• Quality management; roles and responsibilities
• Quality management
• Customer related processes
• Supplier evaluation and monitoring
• Internal audits
• Nonconformities, corrective and preventive actions
• Exam for modules 8 and 9
The top management commitment to quality and supporting the quality professionals is an essential factor for “quality” to work in an organisation. The skills of the QP (effectively communicating the reasons for “quality”, the benefits, and the required resources as well as the return on investment) is an important factor to get top management commitment and support.
This course helped delegates to learn how to make a case for the importance of “quality”, how to communicate that to top management in an effective manner (and through risk identification, risk assessment, analysis of performance data, etc) in order to get the support needed to implement it.
Furthermore, the course included the techniques for also communicating with and influencing the people within the organisation where challenges are provided by this group. The course included role-plays and presentations where challenging situations that QPs may face are simulated and skills are developed and improved.
Feedback from the Course
Morgan Sindall: Discuss ideas
Morgan Sindall has a strong focus on Quality, with an underpinning philosophy on perfect delivery, which seeks continuous improvement. Lawrence Ryan, MCQI CQP, Quality Manager at Morgan Sindall found the course was well structured, delivered by competent trainers who had vast knowledge and experience which was fully shared for the benefit of those studying.
“The course confirmed to me everything that I thought Quality Management should be and enabled me to put practices in place to improve Quality Management on the project. It also allowed me to discuss ideas with other Quality Professionals that I would not have otherwise met,” said Ryan.
Ryan said the course has given him the industry qualification that many of his key clients are asking for as part of their contract requirements, allowing them to have a wider number of people to nominate for future works. A key piece in the jigsaw of supply chain Quality Management.
Morgan Sindall have recognised the importance of this qualification and have subsequently placed two more people on the course.
“We now have three more people with MCQI status than we did three years ago. The knock on effect of this has been an increase in what Quality is within the senior management team and much greater support for what we strive to do as Quality Managers,” added Ryan.
Looking at the wider picture in terms of affecting the industry as a whole, Ryan observed:
“There is now a trend of Quality professionals with a clearer understanding of what they can do to make the construction industry a better place. This, together with Crossrail’s general increased emphasis on Quality can only be a good thing.”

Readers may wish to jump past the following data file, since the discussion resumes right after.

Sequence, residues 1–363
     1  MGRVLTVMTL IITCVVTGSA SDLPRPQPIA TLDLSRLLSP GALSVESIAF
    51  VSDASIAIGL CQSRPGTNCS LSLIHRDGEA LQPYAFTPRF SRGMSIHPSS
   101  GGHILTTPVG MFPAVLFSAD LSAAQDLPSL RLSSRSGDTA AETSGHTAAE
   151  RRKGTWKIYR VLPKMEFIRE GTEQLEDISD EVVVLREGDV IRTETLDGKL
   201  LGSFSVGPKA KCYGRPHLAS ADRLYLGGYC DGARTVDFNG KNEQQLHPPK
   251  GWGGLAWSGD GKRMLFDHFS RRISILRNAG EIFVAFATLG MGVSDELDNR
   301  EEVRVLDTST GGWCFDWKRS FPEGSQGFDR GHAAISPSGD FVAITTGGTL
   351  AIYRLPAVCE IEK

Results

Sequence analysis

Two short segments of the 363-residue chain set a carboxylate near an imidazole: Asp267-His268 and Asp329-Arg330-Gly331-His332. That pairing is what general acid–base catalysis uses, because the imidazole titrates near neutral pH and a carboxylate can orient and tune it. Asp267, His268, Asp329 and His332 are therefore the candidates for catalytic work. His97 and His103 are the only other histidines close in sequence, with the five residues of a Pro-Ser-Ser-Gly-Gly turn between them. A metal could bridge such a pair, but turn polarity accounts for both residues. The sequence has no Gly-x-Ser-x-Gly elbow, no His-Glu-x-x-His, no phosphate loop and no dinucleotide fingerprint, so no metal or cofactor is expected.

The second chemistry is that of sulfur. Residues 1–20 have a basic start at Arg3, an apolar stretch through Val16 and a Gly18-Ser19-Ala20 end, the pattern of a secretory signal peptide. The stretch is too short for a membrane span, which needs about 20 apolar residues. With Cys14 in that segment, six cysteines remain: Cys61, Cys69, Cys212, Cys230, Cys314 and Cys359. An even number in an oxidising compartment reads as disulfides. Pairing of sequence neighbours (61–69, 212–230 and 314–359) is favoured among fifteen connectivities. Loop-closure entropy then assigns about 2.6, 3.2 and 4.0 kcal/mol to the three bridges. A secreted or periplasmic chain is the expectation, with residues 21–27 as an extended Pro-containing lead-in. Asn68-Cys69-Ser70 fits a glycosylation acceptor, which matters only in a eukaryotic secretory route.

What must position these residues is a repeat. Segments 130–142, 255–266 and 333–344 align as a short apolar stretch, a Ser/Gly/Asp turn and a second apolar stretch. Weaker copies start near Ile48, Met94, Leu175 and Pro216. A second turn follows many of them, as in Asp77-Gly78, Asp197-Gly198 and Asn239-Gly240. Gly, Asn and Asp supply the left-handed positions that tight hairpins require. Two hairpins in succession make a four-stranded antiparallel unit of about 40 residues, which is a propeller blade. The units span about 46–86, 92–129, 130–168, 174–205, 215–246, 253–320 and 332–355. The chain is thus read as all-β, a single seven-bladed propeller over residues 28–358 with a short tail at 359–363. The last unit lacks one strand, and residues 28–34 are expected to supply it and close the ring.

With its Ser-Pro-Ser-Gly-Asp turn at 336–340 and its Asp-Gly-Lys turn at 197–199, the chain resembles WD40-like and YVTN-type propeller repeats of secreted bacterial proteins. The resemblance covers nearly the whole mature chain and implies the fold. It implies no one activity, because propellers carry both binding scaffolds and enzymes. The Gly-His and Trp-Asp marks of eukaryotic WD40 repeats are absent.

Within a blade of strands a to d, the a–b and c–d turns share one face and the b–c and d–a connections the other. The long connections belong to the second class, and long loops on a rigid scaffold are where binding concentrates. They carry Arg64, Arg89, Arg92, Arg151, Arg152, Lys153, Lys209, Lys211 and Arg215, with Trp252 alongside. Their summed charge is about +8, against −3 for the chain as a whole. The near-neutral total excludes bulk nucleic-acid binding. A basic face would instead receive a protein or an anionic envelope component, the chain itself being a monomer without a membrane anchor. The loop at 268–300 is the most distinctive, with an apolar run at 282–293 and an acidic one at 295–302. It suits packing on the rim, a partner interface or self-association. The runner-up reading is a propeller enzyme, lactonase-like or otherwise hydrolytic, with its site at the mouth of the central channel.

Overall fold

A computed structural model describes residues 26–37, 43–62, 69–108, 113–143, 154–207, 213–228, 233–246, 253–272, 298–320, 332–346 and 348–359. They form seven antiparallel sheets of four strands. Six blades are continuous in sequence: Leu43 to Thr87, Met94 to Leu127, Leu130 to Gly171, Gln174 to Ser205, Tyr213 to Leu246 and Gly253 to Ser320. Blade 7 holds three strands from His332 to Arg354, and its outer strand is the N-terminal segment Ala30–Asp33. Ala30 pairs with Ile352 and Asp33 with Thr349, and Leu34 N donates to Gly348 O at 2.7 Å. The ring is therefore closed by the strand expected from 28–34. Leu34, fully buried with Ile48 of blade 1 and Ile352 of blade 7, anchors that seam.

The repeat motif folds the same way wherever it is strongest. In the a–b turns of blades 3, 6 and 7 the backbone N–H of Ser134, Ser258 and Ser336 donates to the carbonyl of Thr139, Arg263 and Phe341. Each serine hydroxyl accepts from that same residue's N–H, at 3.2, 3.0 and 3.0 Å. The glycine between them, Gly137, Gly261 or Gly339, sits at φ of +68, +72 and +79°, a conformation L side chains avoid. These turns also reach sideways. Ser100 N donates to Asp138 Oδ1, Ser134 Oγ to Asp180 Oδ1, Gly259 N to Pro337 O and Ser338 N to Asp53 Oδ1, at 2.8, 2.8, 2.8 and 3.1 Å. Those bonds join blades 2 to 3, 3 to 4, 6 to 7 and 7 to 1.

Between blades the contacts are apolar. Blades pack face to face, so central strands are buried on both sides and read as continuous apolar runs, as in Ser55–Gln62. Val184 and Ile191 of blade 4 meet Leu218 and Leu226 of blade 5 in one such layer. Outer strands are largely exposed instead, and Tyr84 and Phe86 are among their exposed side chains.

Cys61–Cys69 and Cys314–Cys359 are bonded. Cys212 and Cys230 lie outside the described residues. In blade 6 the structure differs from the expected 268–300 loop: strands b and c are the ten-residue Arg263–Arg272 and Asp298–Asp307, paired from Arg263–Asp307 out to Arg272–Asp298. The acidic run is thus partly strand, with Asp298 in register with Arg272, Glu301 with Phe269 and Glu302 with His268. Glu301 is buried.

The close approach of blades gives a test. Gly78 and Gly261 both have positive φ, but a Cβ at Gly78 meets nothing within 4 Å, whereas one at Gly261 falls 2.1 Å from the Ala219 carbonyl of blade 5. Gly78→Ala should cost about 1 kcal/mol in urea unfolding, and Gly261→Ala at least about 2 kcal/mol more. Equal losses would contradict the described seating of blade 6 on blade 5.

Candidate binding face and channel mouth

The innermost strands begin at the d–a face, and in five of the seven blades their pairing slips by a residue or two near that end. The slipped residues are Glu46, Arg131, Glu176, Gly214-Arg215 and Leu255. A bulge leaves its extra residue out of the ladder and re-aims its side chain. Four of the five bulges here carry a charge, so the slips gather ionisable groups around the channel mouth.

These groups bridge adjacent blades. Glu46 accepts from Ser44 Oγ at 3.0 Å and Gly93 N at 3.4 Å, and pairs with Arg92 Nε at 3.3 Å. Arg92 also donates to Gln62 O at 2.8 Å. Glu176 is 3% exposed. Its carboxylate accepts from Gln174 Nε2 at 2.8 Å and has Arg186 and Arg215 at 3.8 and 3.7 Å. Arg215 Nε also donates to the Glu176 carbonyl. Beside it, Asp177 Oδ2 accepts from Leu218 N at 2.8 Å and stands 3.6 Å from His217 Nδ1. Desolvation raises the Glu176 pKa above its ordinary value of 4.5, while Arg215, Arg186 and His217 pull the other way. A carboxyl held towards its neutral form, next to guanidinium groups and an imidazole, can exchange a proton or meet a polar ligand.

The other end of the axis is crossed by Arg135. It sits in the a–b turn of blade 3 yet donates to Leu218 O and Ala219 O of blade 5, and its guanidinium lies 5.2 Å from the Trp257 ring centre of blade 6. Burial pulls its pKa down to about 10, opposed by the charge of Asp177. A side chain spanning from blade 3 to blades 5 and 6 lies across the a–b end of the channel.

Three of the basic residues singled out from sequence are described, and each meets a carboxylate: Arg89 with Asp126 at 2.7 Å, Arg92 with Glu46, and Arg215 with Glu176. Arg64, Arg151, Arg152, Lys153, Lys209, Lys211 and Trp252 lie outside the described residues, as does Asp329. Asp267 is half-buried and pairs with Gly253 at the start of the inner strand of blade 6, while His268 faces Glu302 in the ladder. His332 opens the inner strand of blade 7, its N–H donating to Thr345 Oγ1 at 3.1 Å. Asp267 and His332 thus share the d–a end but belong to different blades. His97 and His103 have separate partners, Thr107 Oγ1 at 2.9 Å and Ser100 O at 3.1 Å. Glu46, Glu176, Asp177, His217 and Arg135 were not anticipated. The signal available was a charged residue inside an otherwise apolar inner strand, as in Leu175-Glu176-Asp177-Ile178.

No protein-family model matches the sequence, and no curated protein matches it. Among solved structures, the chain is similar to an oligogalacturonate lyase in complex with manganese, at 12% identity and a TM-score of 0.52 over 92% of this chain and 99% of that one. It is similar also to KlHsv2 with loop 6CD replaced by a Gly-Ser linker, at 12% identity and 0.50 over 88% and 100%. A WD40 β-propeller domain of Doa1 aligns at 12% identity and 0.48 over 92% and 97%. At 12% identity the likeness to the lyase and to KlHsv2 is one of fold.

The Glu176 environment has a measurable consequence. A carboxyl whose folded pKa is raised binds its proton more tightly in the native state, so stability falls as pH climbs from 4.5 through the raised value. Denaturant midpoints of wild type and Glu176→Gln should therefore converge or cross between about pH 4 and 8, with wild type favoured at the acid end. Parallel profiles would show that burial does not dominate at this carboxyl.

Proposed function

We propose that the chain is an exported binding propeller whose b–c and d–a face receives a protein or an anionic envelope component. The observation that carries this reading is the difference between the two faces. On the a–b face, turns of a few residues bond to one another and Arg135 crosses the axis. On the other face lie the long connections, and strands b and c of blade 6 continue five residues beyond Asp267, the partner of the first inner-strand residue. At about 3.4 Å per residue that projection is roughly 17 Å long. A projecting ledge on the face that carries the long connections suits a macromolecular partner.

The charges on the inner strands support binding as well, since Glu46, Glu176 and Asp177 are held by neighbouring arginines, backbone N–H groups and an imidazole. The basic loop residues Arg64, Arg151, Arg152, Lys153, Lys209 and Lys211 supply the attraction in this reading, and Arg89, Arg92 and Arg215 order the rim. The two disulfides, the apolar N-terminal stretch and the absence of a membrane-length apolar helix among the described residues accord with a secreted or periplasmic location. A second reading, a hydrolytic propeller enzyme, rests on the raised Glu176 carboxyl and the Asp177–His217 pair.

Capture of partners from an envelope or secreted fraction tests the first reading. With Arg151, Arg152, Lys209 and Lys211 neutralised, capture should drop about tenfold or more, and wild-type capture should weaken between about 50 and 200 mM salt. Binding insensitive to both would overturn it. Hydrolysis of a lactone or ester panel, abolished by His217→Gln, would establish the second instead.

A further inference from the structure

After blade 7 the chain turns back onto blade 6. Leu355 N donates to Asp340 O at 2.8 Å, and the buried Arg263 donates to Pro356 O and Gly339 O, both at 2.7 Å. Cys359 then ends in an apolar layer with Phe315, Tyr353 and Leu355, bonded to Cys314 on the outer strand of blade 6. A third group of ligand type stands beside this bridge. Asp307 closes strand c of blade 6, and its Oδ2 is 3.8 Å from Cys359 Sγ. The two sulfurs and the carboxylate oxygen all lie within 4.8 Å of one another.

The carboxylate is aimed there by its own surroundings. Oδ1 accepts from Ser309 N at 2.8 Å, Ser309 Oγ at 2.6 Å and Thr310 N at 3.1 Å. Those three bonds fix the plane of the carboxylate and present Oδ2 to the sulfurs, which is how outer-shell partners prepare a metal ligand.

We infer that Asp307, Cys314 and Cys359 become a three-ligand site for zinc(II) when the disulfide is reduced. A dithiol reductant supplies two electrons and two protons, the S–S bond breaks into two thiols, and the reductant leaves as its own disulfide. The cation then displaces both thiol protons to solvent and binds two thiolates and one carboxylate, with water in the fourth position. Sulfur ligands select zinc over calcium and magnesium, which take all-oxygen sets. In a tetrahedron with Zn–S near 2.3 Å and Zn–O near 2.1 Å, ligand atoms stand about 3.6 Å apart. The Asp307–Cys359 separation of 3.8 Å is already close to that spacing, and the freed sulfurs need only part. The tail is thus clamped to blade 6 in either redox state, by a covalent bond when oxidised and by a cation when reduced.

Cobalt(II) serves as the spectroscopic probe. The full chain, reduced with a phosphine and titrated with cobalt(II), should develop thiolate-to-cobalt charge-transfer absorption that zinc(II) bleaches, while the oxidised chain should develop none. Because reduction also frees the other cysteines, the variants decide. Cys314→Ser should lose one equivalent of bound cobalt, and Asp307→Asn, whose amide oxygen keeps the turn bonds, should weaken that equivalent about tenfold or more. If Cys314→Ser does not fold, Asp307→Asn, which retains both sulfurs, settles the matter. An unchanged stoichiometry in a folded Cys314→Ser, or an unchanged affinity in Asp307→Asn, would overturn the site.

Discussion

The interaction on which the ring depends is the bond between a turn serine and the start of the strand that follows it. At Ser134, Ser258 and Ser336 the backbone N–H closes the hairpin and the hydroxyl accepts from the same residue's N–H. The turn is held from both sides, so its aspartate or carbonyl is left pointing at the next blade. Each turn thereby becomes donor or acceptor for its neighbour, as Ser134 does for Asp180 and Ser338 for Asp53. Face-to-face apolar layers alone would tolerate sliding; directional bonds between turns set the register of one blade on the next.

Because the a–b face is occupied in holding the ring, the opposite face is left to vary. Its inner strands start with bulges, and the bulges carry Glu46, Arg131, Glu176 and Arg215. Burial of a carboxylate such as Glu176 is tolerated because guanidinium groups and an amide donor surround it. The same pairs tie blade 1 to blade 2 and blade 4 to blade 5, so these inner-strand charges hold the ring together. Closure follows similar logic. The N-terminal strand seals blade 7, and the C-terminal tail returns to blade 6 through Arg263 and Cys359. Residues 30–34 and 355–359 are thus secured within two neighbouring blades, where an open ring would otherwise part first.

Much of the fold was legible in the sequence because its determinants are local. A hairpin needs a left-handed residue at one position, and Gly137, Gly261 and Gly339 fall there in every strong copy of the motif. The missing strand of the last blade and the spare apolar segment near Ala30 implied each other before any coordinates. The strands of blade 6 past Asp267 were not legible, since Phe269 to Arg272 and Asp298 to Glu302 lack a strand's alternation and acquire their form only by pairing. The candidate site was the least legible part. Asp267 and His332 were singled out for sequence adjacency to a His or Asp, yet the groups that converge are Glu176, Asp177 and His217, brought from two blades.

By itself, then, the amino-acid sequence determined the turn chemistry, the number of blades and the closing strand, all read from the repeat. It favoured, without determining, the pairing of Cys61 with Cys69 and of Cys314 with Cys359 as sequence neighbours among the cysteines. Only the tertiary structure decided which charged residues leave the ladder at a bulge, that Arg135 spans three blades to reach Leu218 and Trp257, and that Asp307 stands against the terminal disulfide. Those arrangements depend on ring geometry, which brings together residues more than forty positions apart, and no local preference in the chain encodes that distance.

RfL: Depth for construction
Paul “Pavlos” Inglesis , CEng MICE, MCQI-CQP, RfL Stations Sector Quality Engineer completed the Third CRL/CQI Course in November 2014. He recommended its in-depth nature.
“I believe it was the only course that I have ever attended that covered Quality Management in construction in such depth.”
“Considering the fact that Quality Management principles are a fairly new development in the construction industry, the course offered a wide range of lectures, case studies and applications that can actually benefit any construction professional.”
The successful completion of the course also offered Inglesis the opportunity to apply for, and achieve, the MCQI-CQP level, which is now becoming a requirement for every quality professional in the construction industry.
The construction industry has been a traditionally resistant environment to engage with new methodologies and practices.
But root cause analysis, auditing, process development and statistical methodologies can help the construction industry move forward to being more productive, efficient and lean.
Systemwide: Real application
Some participants found other benefits.
Chris Glass, MCQI CQP, Quality Engineer at Systemwide, noted that Quality can sometimes be a bit abstract, but this course changed his opinion.
“This course positively encourages people to think about real practical applications in their day-to-day jobs.”
“It makes the benefits of applying quality principles apparent. Because the course does not take the form of a lecture or a presentation, the attendees become fully involved. Judging by the feedback, the attendees really do take something away with them.”
Costain: Personal development
Saad Slimani, MCQI CQP, Quality Manager at Costain, said the course helped on three levels: it helped him in his personal development, it helped the company with a better performance and process and the industry with better Quality overall.